I interviewed Robin Sharma, Globally Celebrated Author as part of the Leadership Unleashed series of interviews with leaders.
Watch a short clip of my interview with Robin Sharma.
It is hard to know where to start when determining how Robin Sharma has shaped my thinking on leadership. About ten years ago I was fortunate enough to have been exposed to his book The Monk Who Sold His Ferrari – the bestseller that shot Robin to fame and has sold millions of copies around the world. Since then I continue to learn from, and be inspired by, Robin through an almost daily diet of his blog, vlogs, podcasts and subsequent books on leadership.
My experience is shared by people across the globe. Robin is ranked in the top 5 (along with Jim Collins, Jack Welch and John Maxwell) of the world’s leadership experts by leadershipgurus.net. Pretty impressive reach when you consider he grew up in a small town in Nova Scotia.
If you have heard of Robin Sharma then you’ll be excited to learn that The Saint John Board of Trade is showing great leadership by bringing Robin, a world class speaker, to town tomorrow to share his inspiring visiondave, robin cropped.jpg of ‘leading without title’ with our business community. If you are not familiar with Robin and his message, then I’d highly encourage you to see him live – you will not be disappointed.
I recently had the privilege of asking Robin about authoring bestselling books, leaving his career as a lawyer and what he’s learning as he consults and speaks to leaders around the world. Here are his thoughts on “blocking out the noise and crafting an exceptional life . . .”
Dave: I’ve made a point of re-reading The Monk Who Sold His Ferrari and I’m struck by how much it still resonates with me after over 10 years. When you were writing this book, did you have any sense of what a classic it would become?
Robin: I really am so humbled by how The Monk Who Sold His Ferrari has become such an inspirational classic around the world. It started off as a self-published book at a Kinko’s copy shop. My mom was my editor and my father helped me sell it at Rotary Clubs. I still remember the boxes of books in my small apartment’s kitchen. But people read it – and then told everyone they knew about it. What’s best for me is all the people the book has helped to create exceptional business and personal lives.
[Tweet “My mom was my editor and my father helped me sell it at Rotary Clubs. “]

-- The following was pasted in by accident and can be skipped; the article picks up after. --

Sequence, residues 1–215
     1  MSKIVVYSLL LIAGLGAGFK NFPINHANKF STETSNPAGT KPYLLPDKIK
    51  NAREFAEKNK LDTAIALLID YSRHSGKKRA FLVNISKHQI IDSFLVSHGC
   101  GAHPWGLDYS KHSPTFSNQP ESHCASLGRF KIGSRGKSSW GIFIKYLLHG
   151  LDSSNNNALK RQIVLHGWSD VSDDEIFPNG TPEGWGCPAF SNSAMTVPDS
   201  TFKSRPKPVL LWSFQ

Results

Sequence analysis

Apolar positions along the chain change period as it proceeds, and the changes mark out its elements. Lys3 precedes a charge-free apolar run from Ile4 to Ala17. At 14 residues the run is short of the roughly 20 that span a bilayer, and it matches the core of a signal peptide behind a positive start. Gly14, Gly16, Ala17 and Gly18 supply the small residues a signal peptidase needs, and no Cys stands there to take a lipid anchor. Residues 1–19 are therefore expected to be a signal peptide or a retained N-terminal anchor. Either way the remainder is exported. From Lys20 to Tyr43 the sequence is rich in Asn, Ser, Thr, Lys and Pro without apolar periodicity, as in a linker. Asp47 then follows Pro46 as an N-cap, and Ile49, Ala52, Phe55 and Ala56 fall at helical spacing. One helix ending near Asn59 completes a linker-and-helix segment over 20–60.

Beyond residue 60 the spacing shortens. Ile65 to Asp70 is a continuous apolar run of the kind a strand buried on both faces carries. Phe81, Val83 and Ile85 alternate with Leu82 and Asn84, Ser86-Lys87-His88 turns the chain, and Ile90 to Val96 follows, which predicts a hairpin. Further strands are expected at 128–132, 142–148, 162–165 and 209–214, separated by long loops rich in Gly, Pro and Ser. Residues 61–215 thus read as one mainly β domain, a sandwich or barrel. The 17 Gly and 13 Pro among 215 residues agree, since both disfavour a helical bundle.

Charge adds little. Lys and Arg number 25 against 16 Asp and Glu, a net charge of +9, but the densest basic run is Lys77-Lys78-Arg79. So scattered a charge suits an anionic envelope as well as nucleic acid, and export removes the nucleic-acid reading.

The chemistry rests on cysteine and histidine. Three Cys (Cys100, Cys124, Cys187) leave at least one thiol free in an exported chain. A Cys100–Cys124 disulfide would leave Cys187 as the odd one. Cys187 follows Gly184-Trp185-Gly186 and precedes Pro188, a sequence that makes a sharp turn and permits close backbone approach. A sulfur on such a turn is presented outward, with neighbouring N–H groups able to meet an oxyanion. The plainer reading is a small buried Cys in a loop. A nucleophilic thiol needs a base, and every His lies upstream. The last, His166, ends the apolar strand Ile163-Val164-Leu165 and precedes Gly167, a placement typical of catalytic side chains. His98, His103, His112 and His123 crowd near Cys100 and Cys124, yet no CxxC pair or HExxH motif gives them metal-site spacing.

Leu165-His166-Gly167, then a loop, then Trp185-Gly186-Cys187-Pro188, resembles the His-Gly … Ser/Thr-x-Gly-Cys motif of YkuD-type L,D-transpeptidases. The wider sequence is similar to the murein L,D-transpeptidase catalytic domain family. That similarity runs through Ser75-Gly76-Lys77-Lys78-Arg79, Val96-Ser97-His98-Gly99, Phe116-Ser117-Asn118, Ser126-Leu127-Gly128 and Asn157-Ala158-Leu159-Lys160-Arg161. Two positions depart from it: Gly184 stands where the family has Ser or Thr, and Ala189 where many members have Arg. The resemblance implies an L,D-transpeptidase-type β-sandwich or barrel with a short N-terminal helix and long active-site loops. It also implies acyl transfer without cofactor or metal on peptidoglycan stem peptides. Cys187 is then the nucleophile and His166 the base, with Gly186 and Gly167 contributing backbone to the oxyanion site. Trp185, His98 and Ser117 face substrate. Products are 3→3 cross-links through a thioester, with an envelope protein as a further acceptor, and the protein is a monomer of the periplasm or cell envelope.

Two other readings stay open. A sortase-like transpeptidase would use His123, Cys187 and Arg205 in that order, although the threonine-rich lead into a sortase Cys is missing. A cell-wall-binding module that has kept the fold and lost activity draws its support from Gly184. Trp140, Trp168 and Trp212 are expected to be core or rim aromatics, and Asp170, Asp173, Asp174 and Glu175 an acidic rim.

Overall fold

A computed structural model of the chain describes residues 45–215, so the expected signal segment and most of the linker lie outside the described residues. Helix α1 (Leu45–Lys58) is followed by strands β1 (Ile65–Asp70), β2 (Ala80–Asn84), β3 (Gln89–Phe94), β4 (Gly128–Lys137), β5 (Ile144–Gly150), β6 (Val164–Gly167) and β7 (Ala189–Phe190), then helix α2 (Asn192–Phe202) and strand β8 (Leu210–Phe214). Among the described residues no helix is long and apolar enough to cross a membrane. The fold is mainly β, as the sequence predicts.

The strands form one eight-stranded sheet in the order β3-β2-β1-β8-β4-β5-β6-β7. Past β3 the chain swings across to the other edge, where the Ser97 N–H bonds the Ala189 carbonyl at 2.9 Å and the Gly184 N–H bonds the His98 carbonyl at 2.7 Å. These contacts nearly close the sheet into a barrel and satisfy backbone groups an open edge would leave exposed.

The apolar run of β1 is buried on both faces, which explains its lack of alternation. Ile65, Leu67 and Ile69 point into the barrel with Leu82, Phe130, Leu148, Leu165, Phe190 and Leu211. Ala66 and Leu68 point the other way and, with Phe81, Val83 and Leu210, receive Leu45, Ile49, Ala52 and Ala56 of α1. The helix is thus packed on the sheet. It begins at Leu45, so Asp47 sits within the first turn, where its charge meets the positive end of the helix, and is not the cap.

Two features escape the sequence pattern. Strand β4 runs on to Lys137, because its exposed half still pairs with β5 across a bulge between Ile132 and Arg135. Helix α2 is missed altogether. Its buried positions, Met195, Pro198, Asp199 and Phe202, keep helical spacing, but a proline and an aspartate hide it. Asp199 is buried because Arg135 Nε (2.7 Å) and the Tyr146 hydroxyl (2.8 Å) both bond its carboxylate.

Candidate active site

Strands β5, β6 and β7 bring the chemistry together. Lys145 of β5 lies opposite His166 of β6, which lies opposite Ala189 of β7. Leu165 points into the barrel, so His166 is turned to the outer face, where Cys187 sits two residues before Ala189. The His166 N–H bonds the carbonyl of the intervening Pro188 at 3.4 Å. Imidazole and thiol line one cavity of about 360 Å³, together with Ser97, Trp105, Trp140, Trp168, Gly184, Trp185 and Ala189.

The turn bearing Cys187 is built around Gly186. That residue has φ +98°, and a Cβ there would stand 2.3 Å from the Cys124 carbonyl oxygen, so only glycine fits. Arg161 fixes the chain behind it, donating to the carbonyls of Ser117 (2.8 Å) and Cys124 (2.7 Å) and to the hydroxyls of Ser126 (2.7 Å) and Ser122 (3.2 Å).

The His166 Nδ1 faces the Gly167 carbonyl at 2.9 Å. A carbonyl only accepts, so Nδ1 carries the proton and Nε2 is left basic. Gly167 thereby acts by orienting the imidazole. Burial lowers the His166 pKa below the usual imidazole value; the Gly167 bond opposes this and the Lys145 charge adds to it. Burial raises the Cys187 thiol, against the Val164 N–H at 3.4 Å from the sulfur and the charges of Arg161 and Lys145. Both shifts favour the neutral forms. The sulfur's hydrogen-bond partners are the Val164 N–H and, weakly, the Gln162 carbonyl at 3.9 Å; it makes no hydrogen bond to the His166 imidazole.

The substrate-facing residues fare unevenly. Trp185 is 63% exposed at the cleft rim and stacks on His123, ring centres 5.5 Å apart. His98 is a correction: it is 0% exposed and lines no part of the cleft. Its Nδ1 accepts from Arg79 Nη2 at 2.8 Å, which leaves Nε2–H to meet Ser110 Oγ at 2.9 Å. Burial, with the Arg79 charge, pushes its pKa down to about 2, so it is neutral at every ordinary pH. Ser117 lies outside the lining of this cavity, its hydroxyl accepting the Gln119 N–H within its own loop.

Dave: What compelled you to leave your career as a lawyer and to devote your career, and life, to working in the organizational and personal leadership space?
Robin: I’ve always been very committed to trying to improve myself so I could fully express my best. Over a decade ago I was a successful but unhappy litigation lawyer. So I started working on myself. I learned some very powerful ideas and tactics that really revolutionized my mindset and way of being. I thought that if an ordinary person from a small town in Nova Scotia could make such a transformation in his life, I should write about it and share the tools I learned with other people. So I wrote The Monk Who Sold His Ferrari. With the success of that book, I started writing other books and that led to me forming a leadership consultancy. Now, my entire professional life is devoted to helping people in businesses around the world “Lead Without a Title” and do their best work.
Dave: You are in a unique position to interact frequently with leaders around the world. As you listen to the leadership challenges people are confronting, do you see any patterns emerging? If so, what are the patterns and how are leaders overcoming these challenges?
Robin: Yes, I think many leaders are struggling with the same things. We live in a world where it’s really easy to be busy doing nothing. And majoring in minor things. In The Leader Who Had No Title, my new book, I teach people how to block out the noise and focus on doing genius-level work and crafting an exceptional life. Because life’s just too short to waste it getting seduced by unimportant things.
[Tweet “In my new book, I teach people how to block out the noise and focus on doing genius-level work.”]
Dave: What is in the message ‘lead without title’ that seems to strike such a cord with people? What kind of reaction are you getting to this message?
Robin: Globally, the response to The Leader Who Had No Title and the “Lead Without a Title” message I’ve been sharing with organizations has been overwhelming. What I’m really sharing is “Leadership 2.0”. The old model of leadership is broken. Now, for a business or a person to really succeed, we need to show leadership at every level. Whether you are a taxi driver or a CEO, we all need to lead and innovate and work at wow. Gandhi said it well: “Be the change you wish to see in the world.”
Dave: What is your advice on how a leader can help his or her organization embrace the philosophy of ‘leading without title’?
Robin: Lead By Example, Be inspirational-not just excellent, Focus on deep relationships, Deliver outrageous value, Be ridiculously competent, Leave a trail of leaders behind you.
Dave: As you consider your upcoming trip to Atlantic Canada, what do you see as the opportunities available to the leaders of this region?
Robin: To really develop “Lead Without a Title” cultures.
Dave Veale is a business and leadership coach and founder of Vision Coaching Inc. in Saint John. He can be reached by email at Dave@VisionCoachingInc.com. Tweet him @dave_veale. His column appears every other Thursday.
Published Tuesday October 19, 2010 in the Telegraph Journal
Photo: From http://www.robinsharma.com